What do you hope to achieve through Central Market?

I’m hoping that the film can show a glimpse of life in Bahrain that we don’t usually have access to in a simple way far away from any causes or ‘points’ to be made. Shorts are usually vehicles to bigger projects and I hope to start work on my feature film after this. In terms of  the message, I would say that it  was about expectations. Sometimes we plan, but things don’t happen the way we want them to, or one could argue that they’re supposed to.



Tell us something about the film that viewers might not know from just watching it.

We ended up filming in Jidhafs Market as the actual central market was too dark and a bit lacking in local colorful characters. Jidhafs Market was smaller, had a charm about it and was more visually pleasing on camera.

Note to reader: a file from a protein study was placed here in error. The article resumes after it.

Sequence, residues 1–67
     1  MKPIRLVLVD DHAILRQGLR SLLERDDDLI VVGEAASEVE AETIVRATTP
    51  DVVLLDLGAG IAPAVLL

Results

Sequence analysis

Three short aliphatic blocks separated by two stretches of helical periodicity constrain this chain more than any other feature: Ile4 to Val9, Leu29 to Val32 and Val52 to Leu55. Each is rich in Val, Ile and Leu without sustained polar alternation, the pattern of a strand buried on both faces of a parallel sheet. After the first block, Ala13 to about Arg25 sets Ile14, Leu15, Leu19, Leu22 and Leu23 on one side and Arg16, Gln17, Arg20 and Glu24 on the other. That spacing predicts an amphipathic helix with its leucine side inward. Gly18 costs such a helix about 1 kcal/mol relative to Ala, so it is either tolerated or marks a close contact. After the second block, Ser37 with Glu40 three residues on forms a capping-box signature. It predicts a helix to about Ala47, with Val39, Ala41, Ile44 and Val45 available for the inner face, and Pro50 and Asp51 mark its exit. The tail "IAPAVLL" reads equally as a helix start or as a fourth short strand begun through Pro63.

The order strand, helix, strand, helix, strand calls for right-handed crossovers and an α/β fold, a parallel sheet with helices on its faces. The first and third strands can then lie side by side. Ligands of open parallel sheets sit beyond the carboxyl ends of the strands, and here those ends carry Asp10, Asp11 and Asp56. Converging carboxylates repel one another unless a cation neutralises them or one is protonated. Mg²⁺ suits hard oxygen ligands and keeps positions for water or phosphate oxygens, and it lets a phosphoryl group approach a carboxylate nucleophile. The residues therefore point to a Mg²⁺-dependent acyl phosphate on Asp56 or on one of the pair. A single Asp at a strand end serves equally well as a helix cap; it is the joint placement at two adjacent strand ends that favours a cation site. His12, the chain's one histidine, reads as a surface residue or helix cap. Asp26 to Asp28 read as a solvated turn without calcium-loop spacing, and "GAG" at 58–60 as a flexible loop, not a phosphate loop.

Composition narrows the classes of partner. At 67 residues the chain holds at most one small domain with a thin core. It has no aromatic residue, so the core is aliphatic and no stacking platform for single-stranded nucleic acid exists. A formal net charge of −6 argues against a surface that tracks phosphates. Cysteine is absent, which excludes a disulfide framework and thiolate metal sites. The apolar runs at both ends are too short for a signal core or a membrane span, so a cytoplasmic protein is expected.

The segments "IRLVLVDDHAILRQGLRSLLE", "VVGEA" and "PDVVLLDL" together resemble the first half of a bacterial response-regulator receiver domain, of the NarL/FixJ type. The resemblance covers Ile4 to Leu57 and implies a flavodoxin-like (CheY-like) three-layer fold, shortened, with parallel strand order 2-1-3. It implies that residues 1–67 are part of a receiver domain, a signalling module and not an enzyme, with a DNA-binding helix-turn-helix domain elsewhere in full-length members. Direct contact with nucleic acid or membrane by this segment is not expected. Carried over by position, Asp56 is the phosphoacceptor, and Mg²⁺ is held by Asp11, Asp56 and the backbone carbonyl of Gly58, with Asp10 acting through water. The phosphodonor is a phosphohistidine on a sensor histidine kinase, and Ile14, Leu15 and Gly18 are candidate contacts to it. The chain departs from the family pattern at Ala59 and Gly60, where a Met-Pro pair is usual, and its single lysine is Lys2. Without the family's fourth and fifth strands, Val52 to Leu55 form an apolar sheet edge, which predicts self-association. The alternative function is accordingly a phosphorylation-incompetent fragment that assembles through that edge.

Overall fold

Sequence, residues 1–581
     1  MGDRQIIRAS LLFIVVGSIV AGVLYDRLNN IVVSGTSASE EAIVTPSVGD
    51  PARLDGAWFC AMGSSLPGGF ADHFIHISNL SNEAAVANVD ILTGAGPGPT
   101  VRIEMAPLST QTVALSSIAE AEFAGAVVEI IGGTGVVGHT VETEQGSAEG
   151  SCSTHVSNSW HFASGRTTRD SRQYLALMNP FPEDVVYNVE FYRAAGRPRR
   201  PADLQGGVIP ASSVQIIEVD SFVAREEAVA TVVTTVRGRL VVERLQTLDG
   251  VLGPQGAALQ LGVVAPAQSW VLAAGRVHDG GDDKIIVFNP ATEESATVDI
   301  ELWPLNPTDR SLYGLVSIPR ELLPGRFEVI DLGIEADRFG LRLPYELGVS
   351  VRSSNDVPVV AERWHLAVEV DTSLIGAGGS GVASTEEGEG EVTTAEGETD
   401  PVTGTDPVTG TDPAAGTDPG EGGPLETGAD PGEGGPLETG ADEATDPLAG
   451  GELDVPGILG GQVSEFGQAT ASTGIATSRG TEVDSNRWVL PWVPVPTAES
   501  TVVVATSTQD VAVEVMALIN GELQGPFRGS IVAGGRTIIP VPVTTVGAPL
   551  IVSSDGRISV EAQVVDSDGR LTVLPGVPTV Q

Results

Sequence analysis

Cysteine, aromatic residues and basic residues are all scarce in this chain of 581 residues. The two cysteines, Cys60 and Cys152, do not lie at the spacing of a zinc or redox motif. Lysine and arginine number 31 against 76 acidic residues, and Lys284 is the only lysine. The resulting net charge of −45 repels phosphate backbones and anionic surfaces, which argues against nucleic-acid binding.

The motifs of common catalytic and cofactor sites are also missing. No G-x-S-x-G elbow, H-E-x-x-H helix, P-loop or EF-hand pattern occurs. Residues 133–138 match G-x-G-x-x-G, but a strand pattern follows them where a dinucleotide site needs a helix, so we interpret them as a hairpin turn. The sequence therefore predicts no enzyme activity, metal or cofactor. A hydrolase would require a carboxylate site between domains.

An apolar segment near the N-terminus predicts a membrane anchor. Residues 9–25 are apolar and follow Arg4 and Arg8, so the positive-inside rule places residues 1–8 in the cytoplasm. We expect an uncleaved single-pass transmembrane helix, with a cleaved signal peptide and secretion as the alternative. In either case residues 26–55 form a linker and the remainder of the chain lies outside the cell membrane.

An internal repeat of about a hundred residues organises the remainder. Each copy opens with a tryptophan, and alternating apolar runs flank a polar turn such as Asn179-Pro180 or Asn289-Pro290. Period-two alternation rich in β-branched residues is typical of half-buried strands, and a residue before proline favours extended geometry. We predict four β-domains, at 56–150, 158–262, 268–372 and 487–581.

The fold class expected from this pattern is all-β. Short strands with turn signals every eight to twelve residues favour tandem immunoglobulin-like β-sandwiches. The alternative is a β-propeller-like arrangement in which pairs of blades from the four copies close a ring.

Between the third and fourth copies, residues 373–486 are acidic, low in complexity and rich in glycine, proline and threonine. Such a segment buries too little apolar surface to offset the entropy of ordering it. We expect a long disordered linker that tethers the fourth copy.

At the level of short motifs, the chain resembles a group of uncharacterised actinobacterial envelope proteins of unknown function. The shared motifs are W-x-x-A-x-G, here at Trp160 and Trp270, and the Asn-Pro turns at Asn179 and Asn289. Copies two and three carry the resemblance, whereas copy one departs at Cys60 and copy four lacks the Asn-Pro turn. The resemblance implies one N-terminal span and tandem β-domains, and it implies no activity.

You’ve been quite active  f as of late – can you tell us about some of your other films?

This is my 5th short film. My last film Lu’bba (Game) was official selection at more than 15 international film festivals, the most prominent being the Oscar qualifying Slamdance in Park City, Utah where the film made its US debut. It won the 2nd prize at home in this year’s Unity International Film Festival. Surprisingly still going around the world and has been nominated for the American Online Film Awards Spring Showcase.



What’s next in the pipeline then?

I’ve written a feature film which I’m currently in development stages and which I hope to produce and direct by the end of the year.

Otherwise I’m hoping to take it one step at a time so as not to end up like the boy and his goat.